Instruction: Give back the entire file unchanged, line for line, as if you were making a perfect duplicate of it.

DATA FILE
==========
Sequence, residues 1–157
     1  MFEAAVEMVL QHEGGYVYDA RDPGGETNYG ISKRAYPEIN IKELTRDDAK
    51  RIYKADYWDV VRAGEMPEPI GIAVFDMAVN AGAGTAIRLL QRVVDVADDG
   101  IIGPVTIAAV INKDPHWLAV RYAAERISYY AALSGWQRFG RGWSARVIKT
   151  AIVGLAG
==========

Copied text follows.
Sequence, residues 1–157
     1  MFEAAVEMVL QHEGGYVYDA RDPGGETNYG ISKRAYPEIN IKELTRDDAK
    51  RIYKADYWDV VRAGEMPEPI GIAVFDMAVN AGAGTAIRLL QRVVDVADDG
   101  IIGPVTIAAV INKDPHWLAV RYAAERISYY AALSGWQRFG RGWSARVIKT
   151  AIVGLAG